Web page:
The Pentagon’s legal response to Lt. Col. Darrel Vandeveld’s crisis of conscience shows, once again, what a farce the “judicial proceeding” is that it has established at Guantanamo Bay, Cuba. Vandeveld, a military prosecutor and a devout Catholic, came to the realization that he could no longer participate in the Pentagon’s system, partly because the military was violating longstanding ethical rules that require the prosecution to turn over exculpatory evidence to the defense.
In response to Vandeveld’s charges, the Pentagon decided to dismiss the charges against the defendants. Ordinarily one might think that the defendants would consider a dismissal of charges against them to be a good thing, Not so in the bizarre land of Guantanamo Bay. The dismissal of the charges only serves to continue the indefinite confinement of the defendants.
Let’s compare two systems: the American judicial system and the Pentagon’s “judicial” system in Cuba.
In the U.S. system, the Bill of Rights guarantees the accused a speedy trial. The reason that the American people required that the speedy-trial guarantee be included in the Bill of Rights was to prevent the federal government from doing precisely what the Pentagon is doing to people in Cuba — imprisoning them indefinitely. Without such a guarantee, the government could arrest, incarcerate, and charge people with crimes but then never bring the case to trial, leaving them to languish indefinitely in jail.
In the American system, the prosecution cannot dismiss an indictment without the permission of the presiding federal judge, whose lifetime appointment makes him independent of executive-branch control. The judge can refuse to grant the government’s motion to dismiss or he can grant it “with prejudice,” which means that the government is prohibited from ever charging the defendant with those particular crimes again.
Consider, for example, the case of Ali Saleh Kahlah al-Marri, a so-called enemy combatant who is being held in the same dungeon in South Carolina that Americans Jose Padilla and Yaser Hamdi were also imprisoned as “enemy combatants.” Al-Marri began as an ordinary criminal defendant in federal district court. On the eve of trial, the Justice Department filed a motion to dismiss the charges so that they could turn him over to the Pentagon for treatment as an “enemy combatant. The judge granted the motion but “with prejudice,” meaning that if the Supreme Court were to reject the “enemy combatant” doctrine, the government would be precluded from re-filing the original criminal charges against al-Marri. With his dismissal “with prejudice,” the presiding judge was protecting al-Marri’s right to a speedy trial by effectively saying to the prosecutors, “Try him now or never try him again.”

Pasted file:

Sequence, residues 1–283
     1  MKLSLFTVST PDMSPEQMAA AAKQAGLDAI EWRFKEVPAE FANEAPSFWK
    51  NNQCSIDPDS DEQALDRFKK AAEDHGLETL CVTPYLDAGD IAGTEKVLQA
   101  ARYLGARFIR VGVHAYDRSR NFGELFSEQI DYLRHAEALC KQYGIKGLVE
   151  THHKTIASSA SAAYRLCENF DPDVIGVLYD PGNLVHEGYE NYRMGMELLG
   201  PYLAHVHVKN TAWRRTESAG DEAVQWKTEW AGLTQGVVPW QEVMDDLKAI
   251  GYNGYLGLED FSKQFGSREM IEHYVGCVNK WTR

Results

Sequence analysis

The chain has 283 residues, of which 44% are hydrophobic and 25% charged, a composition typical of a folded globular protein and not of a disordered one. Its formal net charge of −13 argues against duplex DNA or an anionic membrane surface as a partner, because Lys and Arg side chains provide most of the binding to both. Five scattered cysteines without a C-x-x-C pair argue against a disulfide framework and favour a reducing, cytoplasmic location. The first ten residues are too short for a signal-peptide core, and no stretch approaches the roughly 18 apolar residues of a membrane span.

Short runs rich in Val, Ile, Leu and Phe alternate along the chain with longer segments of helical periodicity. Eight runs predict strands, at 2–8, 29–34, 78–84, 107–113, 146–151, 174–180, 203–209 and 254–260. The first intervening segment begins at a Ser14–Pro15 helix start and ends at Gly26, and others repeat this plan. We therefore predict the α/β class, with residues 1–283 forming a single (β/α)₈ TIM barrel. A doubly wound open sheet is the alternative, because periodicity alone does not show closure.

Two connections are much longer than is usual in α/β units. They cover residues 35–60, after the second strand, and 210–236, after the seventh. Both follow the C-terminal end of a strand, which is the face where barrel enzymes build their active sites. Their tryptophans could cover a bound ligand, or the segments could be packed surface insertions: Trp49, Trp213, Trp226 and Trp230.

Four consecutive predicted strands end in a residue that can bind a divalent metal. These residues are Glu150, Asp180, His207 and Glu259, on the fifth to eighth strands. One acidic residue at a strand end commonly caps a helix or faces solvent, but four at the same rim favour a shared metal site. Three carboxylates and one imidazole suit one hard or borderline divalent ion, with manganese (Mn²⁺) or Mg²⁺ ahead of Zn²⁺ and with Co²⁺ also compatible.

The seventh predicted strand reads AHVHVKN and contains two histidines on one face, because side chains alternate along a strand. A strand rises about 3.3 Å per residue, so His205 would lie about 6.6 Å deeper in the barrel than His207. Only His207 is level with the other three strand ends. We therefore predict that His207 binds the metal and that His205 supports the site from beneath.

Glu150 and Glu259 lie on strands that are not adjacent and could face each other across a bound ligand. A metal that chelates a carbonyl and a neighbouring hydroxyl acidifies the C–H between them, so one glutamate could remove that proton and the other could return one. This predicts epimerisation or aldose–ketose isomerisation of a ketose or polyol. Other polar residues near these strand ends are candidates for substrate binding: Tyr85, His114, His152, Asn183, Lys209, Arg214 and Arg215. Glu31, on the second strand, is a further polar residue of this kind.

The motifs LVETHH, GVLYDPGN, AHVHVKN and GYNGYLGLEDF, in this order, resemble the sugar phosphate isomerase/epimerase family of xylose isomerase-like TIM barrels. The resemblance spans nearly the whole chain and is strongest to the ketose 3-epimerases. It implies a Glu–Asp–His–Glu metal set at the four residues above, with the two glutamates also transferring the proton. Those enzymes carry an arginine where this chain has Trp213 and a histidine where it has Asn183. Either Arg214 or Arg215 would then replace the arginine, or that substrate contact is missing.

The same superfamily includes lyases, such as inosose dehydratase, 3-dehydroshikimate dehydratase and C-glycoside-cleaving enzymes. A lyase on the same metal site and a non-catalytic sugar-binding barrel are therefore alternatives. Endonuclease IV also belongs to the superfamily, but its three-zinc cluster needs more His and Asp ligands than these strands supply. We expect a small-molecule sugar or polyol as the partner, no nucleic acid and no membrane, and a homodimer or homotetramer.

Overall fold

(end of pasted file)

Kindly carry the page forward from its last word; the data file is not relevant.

In the Pentagon’s system at Guantanamo, everyone is considered an “enemy combatant” and a criminal defendant at the same time. As criminals they are subjected to one of the most bizarre “judicial” systems that have ever been invented, one whose principles, ironically, are exactly opposite to those in the American system.
The prisoners, for example, are incarcerated indefinitely, with no guarantee of a speedy trial or any trial at all. That’s not to say that there isn’t a trapping of a “judicial” system. Defendants are charged with crimes, for example, mostly crimes pertaining to terrorism, but there’s no requirement that the trial ever be held. Even when a trial is scheduled, on the eve of trial the prosecutors can simply have the charges dismissed, with the intent of re-filing them at some indefinite time in the future. Since the judges are military personnel answerable to their superiors in the Pentagon, they generally go along with what the prosecutors want, including granting their motions to dismiss “without prejudice” to their filing them sometime in the future.
Perhaps most bizarrely, even if the accused is acquitted, which is an unlikely prospect given that the jurors are also military personnel, the Pentagon still doesn’t have to release him, unlike the American system where an acquittal results in the immediate release of the defendant. Under the Pentagon’s bizarre “judicial” system, the acquittal of an accused only affects his status as a “criminal defendant,” not his status as an “enemy combatant.”
We should never forget why the Pentagon established its prison camp in Cuba — for the precise purpose of avoiding the principles of the American judicial system, including the Constitution, and for the express purpose of establishing its own independent “judicial” system. While all the people at the Guantanamo prison camp are foreigners, the Pentagon now wields the post-9/11 power to sweep all American citizens into its bizarre system, as we have learned in the cases of Padilla and Hamdi. What a shame that the American people have permitted the Pentagon to hijack the greatest judicial system in history and subject people to one of the most bizarre “judicial” systems in history.